Japanese artist MIREI is back with her newest single 1998, which takes the Millennial generation on a stroll down memory lane.

MIREI has experimented with various genres, ultimately starting out in the Gospel space. Since then, she’s toyed around in pop and dance and has finally landed on chill electronic and R&B as her calling. Selfishly, I think she choose right seeing that it comes to her so effortlessly.

Last year she released her first English album titled Take Me Away, which grabbed coverage from top publications (Teen Vogue, Ladygunn, Atwood Magazine, EARMILK, and many more). Led by hit single “Lonely In Tokyo,” (3.5M streams) the project focuses on her transition into a more Americanized-style of R&B music. ‘1998’ is no different and has positioned MIREI to erupt in this new-found genre.

We wanted to know more about the background of “1998,” which MIREI kindly obliged.

What drew you to make music in the first place?

I grew up in a music loving family, so it’s natural that I’ve had a close relationship with music my whole life and am pursuing it now. Music was everywhere from long drives, going to karaoke all night long, and learning to dance in the studio. I don’t remember when and why I started to sing, but it’s always been with me honestly. I definitely remember why I started to make music and I can thank Lady Gaga for that! One day, when I was in the 4th or 5gh grade, her song “Born This Way” was playing on MTV with Japanese translations – I was shocked at how evolutional and pivotal her message was, singing about diversity of races, sexualities, and religions. It was an inspiration! I wanted to be just like that and I wanted to help people just the way she did. That’s the moment when I decided to make my own music and wanted to make music that spoke up for what’s right.

In what ways does your song “1998” define our generation?

First off I want to say that I feel like this Gen Z generation is fighting the good fight and at a pivotal moment where true change is happening, especially with the power of the internet! There are so many inequalities, so many controversies and issues that have been ignored. for a long time, but this generation is not standing for it and breaking those rules and outdated traditions. Look at what we’ve experienced because of Millenials and Gen Z activists – the BLM movement, Me Too, Time’s Up and so much more. I’ve lived for 23 years but I’ve never felt the world was changing as much as it is now and that’s because of the current generation’s work towards the greater good.  I belong to the younger Millennial generation and am on the cusp of Gen Z.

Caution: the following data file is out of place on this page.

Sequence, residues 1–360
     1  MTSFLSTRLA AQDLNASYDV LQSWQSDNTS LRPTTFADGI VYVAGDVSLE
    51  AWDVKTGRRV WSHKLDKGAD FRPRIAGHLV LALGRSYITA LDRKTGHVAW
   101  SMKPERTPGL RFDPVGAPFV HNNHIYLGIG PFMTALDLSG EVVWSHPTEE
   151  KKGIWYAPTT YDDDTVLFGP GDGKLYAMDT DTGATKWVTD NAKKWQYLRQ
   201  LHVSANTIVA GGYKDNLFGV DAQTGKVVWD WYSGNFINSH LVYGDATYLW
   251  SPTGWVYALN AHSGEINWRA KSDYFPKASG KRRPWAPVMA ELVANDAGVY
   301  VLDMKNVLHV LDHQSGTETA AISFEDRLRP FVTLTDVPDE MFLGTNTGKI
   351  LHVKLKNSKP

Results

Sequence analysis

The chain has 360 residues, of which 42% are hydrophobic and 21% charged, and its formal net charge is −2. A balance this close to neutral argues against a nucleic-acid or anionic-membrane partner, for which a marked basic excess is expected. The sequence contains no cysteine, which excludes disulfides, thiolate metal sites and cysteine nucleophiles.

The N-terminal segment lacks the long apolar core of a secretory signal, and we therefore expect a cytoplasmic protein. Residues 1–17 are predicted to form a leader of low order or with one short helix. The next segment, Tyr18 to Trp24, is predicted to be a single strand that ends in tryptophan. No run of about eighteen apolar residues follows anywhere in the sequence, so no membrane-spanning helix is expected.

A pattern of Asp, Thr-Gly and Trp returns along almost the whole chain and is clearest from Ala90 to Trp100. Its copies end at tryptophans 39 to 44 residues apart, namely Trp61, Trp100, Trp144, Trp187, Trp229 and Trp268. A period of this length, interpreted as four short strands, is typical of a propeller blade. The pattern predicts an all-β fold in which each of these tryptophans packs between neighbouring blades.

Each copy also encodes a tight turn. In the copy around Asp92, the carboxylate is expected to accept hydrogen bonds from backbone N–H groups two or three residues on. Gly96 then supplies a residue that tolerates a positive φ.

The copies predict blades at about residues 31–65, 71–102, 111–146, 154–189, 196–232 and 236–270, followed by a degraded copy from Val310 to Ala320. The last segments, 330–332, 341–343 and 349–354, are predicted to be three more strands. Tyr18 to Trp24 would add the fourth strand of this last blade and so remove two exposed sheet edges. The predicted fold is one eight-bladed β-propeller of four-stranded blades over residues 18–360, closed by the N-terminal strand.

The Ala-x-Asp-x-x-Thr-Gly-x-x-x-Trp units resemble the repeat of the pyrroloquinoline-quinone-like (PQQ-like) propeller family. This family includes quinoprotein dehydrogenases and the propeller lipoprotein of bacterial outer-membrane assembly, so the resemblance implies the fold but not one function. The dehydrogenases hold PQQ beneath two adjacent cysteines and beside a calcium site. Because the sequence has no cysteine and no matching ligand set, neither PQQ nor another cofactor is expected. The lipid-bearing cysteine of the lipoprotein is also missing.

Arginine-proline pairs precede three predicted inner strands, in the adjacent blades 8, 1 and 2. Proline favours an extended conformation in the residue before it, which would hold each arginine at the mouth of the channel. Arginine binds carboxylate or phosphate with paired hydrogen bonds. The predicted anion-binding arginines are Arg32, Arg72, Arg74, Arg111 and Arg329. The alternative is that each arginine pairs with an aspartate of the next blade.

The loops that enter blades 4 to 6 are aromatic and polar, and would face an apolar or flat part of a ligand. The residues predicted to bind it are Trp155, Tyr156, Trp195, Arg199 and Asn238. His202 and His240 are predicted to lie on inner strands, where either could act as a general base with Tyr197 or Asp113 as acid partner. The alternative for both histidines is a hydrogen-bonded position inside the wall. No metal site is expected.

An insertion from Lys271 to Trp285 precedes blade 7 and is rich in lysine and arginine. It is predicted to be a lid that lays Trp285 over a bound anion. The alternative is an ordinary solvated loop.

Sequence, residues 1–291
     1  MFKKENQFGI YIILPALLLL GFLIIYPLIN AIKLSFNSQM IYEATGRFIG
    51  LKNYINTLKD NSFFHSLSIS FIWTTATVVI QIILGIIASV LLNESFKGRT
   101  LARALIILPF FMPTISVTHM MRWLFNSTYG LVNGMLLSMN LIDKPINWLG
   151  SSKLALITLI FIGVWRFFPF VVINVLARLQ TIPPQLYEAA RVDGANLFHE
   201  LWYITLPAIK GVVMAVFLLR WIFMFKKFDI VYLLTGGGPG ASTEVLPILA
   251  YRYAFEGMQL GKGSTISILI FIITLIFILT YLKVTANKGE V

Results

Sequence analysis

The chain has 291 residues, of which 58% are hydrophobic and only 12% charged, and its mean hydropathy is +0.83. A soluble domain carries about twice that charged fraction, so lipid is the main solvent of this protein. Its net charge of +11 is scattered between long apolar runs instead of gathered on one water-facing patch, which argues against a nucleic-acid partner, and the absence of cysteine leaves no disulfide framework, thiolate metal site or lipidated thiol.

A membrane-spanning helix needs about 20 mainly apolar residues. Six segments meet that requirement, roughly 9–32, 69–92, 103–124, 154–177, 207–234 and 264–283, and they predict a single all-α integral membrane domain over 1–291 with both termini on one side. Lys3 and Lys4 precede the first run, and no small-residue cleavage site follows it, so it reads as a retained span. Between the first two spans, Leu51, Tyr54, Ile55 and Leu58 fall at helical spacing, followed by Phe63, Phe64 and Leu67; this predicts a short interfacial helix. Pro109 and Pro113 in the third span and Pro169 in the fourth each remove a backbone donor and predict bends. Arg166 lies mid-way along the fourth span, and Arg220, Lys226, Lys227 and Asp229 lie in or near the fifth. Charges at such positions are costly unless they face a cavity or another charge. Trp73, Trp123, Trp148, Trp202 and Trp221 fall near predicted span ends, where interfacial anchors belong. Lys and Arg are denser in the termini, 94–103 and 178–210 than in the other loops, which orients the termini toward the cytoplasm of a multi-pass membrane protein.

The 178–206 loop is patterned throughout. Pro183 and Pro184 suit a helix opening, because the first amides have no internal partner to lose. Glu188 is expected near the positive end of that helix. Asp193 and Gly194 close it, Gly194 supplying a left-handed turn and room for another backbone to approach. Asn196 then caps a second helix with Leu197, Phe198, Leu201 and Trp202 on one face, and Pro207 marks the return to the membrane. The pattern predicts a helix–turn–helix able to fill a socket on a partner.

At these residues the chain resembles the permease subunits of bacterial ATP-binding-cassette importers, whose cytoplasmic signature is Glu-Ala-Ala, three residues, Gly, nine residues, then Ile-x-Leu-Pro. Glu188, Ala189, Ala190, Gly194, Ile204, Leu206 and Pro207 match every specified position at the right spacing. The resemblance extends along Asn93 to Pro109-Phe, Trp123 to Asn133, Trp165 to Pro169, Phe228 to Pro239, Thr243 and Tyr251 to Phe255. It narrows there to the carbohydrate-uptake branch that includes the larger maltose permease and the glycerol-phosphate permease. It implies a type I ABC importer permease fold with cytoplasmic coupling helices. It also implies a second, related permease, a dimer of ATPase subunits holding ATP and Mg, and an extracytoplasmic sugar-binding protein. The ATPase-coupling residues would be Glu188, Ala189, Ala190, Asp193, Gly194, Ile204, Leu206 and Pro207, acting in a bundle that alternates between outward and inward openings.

As someone who was born between these contrasting generations, I felt like I was stuck in between. That’s why I’m singing, “am I young or am I old?” Like, am I too young to settle down? Or am I too old to take risks? While I’m stuck in my house due to the pandemic, I wrote this song like a journal entry. I decided to release this hoping there’s many 1998 babies who feel the same way as me, especially as we all face these transitions and revolutionary moments in life.

How does experimenting with different genres help you grow as an artist?

Collaborating with different artists and especially artists in different genres helps me not only learn more about the world and find confidence in myself, but also helps create new safe spaces for fans and listeners. For example, when I collaborated with Japanese reggae musicians for the first time years ago, I learned how to bond with my fans strongly. The unity in the genre is always amazing and changed the way I viewed the artist-to-fan and fan-to-artist experience. Although I was an outsider, they were so welcoming. It was such an inspirational moment for me that I’ll never forget. I learned how to have pride and respect, and to take risks.

MIREI’s 1998 is out on all streaming platforms now so go have a listen. Taking a ride through the rest of her catalog is also a fun journey. Stay tuned for more MIREI; she has a lot up her sleeve in the coming months.